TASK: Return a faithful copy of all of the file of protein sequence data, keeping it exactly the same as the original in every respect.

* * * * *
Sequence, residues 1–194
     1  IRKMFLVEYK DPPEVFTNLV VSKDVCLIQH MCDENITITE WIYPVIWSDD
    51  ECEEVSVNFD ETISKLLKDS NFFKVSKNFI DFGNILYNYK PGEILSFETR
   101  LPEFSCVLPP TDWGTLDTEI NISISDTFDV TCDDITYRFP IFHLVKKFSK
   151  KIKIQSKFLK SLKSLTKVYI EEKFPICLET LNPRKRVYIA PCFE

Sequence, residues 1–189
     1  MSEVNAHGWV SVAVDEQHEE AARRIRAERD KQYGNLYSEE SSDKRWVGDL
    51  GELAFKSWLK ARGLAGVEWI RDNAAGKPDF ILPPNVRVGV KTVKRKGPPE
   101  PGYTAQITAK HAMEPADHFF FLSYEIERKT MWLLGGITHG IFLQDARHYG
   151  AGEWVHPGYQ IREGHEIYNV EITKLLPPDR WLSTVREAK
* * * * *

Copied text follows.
Sequence, residues 1–194
     1  IRKMFLVEYK DPPEVFTNLV VSKDVCLIQH MCDENITITE WIYPVIWSDD
    51  ECEEVSVNFD ETISKLLKDS NFFKVSKNFI DFGNILYNYK PGEILSFETR
   101  LPEFSCVLPP TDWGTLDTEI NISISDTFDV TCDDITYRFP IFHLVKKFSK
   151  KIKIQSKFLK SLKSLTKVYI EEKFPICLET LNPRKRVYIA PCFE

Sequence, residues 1–189
     1  MSEVNAHGWV SVAVDEQHEE AARRIRAERD KQYGNLYSEE SSDKRWVGDL
    51  GELAFKSWLK ARGLAGVEWI RDNAAGKPDF ILPPNVRVGV KTVKRKGPPE
   101  PGYTAQITAK HAMEPADHFF FLSYEIERKT MWLLGGITHG IFLQDARHYG
   151  AGEWVHPGYQ IREGHEIYNV EITKLLPPDR WLSTVREAK